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Money, not the protection of Palestinian Christians, was at the root of Holy Sepulchre protest

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From Middle East Eye

There were plenty of opportunities -- more honorable ones -- over the past decade to shut the Holy Land's major Christian pilgrimage sites in protest

Church of the Holy Sepulchre closed
Church of the Holy Sepulchre closed
(Image by YouTube, Channel: Newsy)
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It was a protest long overdue -- and one that produced rapid results.

For the first time in living memory on Sunday, Jerusalem's Church of the Holy Sepulchre slammed shut its doors to worshippers and tourists. In justifying the closure of the site where it is believed Jesus was crucified, buried and resurrected, Church leaders accused Israel of launching a "systematic and unprecedented attack against Christians in the Holy Land."

On Wednesday, the church reopened after Israel, bombarded with bad publicity, appeared to climb down.

Palestinian Christians' survival

Shuttering the church had threatened economic damage too. More than a quarter of Israel's nearly 4 million visitors each year are Christian pilgrims. They and many other tourists come primarily to follow in the footsteps of Jesus -- and the Holy Sepulchre is top of their sightseeing list.

The churches are right that the survival of a meaningful Palestinian Christian presence in the Holy Land hangs in the balance. Christians now comprise just 10 percent of the large Palestinian minority in Israel -- or about 2 percent of Israel's total population.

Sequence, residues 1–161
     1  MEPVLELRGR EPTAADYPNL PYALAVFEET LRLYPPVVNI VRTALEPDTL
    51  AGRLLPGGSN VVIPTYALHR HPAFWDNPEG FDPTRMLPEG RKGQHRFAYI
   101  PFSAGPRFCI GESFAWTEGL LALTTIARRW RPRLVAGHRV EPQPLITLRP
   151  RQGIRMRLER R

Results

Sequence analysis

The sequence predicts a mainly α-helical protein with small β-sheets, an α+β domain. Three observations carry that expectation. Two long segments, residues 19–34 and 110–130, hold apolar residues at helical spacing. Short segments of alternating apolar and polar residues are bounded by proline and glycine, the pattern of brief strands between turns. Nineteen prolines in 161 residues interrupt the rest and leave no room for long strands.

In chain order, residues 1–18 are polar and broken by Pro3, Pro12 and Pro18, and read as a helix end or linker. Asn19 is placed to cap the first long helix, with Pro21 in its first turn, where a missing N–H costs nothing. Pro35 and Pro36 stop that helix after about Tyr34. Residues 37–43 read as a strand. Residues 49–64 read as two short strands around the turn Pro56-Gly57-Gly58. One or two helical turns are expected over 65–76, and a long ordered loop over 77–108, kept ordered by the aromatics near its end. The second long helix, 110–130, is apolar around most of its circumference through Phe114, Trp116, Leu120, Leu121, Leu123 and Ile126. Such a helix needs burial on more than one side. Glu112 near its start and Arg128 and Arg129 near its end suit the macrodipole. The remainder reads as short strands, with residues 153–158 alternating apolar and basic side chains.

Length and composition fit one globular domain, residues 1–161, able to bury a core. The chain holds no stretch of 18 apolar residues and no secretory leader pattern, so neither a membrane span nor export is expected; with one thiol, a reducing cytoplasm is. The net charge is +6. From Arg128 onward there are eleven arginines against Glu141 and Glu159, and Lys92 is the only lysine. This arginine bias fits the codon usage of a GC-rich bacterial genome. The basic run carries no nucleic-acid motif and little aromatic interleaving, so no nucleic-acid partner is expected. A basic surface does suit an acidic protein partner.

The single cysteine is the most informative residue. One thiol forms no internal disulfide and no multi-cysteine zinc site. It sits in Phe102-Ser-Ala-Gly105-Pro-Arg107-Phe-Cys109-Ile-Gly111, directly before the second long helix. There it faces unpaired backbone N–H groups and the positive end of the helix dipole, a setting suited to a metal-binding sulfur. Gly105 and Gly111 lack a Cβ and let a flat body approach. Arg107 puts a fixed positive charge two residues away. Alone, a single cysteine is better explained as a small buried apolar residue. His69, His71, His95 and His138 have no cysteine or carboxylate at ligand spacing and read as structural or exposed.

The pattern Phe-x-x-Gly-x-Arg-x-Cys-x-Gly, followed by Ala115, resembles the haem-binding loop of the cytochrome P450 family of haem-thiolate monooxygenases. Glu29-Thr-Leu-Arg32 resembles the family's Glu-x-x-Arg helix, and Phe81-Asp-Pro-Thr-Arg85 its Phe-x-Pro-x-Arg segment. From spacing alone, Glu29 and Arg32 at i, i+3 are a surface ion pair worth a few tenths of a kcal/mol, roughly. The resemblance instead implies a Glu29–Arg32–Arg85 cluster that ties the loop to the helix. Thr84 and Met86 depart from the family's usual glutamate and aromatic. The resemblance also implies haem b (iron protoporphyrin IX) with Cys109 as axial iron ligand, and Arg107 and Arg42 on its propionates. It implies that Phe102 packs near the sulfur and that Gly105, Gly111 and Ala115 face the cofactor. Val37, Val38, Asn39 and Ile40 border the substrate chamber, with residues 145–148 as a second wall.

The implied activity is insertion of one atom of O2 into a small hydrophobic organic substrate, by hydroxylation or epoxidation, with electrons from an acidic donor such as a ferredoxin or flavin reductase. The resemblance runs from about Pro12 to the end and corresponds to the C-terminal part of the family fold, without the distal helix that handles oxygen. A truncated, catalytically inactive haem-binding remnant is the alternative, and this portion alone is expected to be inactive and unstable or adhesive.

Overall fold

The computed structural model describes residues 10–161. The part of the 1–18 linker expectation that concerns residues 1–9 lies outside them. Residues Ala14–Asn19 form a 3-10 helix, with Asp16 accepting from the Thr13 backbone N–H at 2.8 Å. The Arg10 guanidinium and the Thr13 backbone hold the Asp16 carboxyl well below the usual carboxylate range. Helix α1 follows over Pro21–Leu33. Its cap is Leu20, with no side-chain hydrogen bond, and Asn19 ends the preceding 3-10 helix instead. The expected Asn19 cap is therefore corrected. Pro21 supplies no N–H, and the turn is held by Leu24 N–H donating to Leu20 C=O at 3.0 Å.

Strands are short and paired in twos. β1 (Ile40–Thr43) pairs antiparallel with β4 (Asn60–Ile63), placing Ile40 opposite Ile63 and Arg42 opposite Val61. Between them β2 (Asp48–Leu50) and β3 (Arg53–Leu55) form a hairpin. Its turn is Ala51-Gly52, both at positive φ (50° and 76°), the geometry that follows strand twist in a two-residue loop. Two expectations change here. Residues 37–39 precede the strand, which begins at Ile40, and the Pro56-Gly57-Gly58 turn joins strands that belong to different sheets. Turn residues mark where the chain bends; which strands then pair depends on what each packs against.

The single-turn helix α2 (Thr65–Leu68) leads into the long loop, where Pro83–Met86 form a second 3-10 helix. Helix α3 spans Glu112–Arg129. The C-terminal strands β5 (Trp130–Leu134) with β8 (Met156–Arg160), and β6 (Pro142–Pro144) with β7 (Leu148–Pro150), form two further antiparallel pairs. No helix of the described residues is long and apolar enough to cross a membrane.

In the Palestinian territories, which are under belligerent Israeli occupation, Christian numbers have similarly plummeted.

But however serious the problem, the joint statement from Roman Catholic, Greek Orthodox and Armenian Apostolic leaders was only tangentially concerned with the fate of this local community of believers. The protest was really about protecting the churches' profits from real-estate and investment deals.

Power of evangelicals

The Christians of the Holy Land are overwhelmingly Palestinian, while the churches speaking on their behalf are overwhelmingly foreign. The Greek Orthodox Patriarchate and the Vatican are vast enterprises that are as concerned with their commercial viability and influence on the global stage as they are about the spiritual needs of any specific flock.

And nowhere is that fact more obvious and telling than in the cradle of the Christian faith -- today split between Israel and the fragments of an embryonic Palestinian state.

The churches have long had to navigate a complex political game in the Middle East with Israel, the region's key power-broker, and with Israel's patron in Washington.

That task has grown more daunting in recent years, as Christian evangelical influence has come to dominate politics in the United States. Most US evangelicals are far more interested in "end-time" prophecies that require unthinking support for Israel and illegal Jewish settlements than they are in preserving a 2,000-year-old local Christian tradition.

The rising power of the evangelicals was exemplified in Donald Trump's presidential election victory in late 2016, and his recent decision to move the US embassy to Jerusalem, terminating already frail hopes of a two-state solution.

Christian exodus

These trends are simply accelerating a long-standing process in which Palestinian Christians, whether in Israel or under occupation, are fleeing the Holy Land.

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Jonathan Cook is a writer and journalist based in Nazareth, Israel. He is the 2011 winner of the Martha Gellhorn Special Prize for Journalism. His latest books are "Israel and the Clash of Civilisations: Iraq, Iran and the Plan to Remake the Middle East" (Pluto Press) and "Disappearing Palestine: (more...)

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